Rep. Rick Crawford has spoken out against raising the debt ceiling, but has also faced his own personal financial struggles.
But in addition to a lawsuit brought by his former wife over more than $100,000 in unpaid child support, which the Chicago Sun-Times reported last week, Walsh is also facing a lawsuit from a former campaign staffer who says he is owed $20,000. Walsh has also in the past accrued thousands of dollars in unpaid condominium fees, failed to pay thousands of dollars in back taxes and lost a home to foreclosure.
Walsh has had several tax liens placed against him, according to public records. The largest of the liens — $21,566.40 owed to the federal government — was the result of an educational trust fund on which Walsh did not know he owed taxes; it has since been repaid. He has likewise repaid state liens that amounted to a couple of thousands of dollars, about $5,000 owed to the condominium association that manages the home he lost to foreclosure and a $4,250 judgment to a furnace company. His most recent personal financial disclosure shows no liabilities and reports assets worth no more than $46,000, though Members are not required to list assets such as personal residences and certain retirement accounts.
The lawsuits brought by his ex-wife and former campaign staffer Keith Liscio are ongoing. At the end of June, Walsh’s campaign owed about $11,000 to the law firm handling work related to disputing debts owed to Liscio and the law firm Mayer Brown.
Wisconsin Rep. Sean Duffy has said supporting Boehner’s plan gives him “heartburn” but that he will do so anyway to get a deal through the House and the Senate.
In a recent column, Duffy wrote: “I have consistently said that if the president is willing to cut up the credit card, I’m willing to pay the bill. But I cannot agree to a debt limit increase without serious, fundamental reforms to the way Washington spends its money.”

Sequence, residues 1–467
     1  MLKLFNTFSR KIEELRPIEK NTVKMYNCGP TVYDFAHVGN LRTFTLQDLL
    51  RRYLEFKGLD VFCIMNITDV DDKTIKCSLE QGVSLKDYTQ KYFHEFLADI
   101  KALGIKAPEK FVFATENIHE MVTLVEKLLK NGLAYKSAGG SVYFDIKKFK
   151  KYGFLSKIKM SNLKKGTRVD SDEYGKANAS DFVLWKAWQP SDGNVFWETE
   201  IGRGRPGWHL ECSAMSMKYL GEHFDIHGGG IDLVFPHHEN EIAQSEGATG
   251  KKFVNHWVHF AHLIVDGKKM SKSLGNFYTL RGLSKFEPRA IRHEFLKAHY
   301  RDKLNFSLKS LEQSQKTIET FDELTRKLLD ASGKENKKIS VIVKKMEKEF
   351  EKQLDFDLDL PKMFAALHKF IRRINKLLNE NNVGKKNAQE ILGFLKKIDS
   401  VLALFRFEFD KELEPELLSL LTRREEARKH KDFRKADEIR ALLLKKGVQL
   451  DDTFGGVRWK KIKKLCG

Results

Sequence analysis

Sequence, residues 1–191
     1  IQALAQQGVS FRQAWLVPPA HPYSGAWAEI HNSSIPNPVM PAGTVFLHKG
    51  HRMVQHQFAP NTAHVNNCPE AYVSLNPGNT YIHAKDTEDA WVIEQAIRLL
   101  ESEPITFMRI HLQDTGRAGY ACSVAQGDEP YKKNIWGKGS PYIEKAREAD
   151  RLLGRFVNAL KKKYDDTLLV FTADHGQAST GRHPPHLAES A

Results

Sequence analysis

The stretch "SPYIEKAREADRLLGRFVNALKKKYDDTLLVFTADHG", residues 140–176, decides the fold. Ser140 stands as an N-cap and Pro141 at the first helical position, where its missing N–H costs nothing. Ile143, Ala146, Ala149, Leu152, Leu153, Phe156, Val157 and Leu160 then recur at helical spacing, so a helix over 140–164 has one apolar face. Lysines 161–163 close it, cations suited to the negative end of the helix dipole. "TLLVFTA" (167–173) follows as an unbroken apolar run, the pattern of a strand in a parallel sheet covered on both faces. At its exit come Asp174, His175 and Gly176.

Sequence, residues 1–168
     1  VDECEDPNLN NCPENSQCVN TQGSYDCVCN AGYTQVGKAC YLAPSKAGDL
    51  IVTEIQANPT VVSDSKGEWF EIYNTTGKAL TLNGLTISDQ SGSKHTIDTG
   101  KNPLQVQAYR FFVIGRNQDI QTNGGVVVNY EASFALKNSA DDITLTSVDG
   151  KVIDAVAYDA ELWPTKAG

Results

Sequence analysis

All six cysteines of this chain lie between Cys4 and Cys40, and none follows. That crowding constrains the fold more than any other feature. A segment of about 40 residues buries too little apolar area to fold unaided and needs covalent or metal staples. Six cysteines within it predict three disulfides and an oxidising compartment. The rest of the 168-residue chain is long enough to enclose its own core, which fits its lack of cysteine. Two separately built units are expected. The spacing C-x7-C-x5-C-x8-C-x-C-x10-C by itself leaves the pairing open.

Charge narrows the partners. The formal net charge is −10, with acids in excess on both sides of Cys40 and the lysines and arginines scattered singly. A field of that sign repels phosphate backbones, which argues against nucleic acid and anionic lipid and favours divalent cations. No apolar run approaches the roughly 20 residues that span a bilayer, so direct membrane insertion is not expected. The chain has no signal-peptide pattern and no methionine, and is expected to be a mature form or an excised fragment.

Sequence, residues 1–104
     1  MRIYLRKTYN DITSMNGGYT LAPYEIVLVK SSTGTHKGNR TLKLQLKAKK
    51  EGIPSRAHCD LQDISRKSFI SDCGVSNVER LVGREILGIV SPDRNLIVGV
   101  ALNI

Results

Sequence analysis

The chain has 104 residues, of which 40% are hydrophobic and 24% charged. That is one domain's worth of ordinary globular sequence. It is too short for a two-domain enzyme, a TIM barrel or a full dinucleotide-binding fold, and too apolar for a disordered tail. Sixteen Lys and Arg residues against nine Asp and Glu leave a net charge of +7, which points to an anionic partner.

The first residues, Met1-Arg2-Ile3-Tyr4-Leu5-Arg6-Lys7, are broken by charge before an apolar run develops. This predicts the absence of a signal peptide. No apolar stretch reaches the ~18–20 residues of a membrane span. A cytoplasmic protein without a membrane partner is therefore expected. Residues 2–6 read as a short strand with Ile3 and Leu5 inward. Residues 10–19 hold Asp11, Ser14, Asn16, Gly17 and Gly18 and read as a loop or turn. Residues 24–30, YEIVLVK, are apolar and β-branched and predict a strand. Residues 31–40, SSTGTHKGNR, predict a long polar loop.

Duffy told attendees in March at a town hall meeting that no one is more familiar with debt than himself.
“I can guarantee you or most of you — I guarantee that I have more debt than all of you,” Duffy said during the question-and-answer session. “I still pay off my student loans. I still pay my mortgage. I drive a used minivan. ... I struggle to meet my bills right now. Would it be easier for me if I get more paychecks? Maybe. But at this point, I’m not living high off the hog.”
Financial disclosures filed by Duffy in May reveal that, at some point during 2010, two of Duffy’s personal credit cards each had balances of at least $15,000. In addition, the Congressman owed at least $15,000 on a line of credit with Wells Fargo and had a balance of $50,000 to $100,000 owed on his student loans, as well as two mortgages totaling at least $150,000 on a property that has been described in news reports as his lake cottage. Duffy’s listed assets are valued from $110,000 to $400,000.
“Like many Americans, the Congressman has student loans and credit cards that he’s paying. To suggest that he’s somehow fiscally irresponsible because he’s got credit cards and a student loan is simply absurd,” Chief of Staff Brandon Moody said.
Rep. Bill Cassidy has his blood drawn by Alesha Barbour during a free hepatitis screening in the Rayburn House Office Building hosted by the Congressional Viral Hepatitis Caucus to recognize "National Viral Hepatitis Testing Day."
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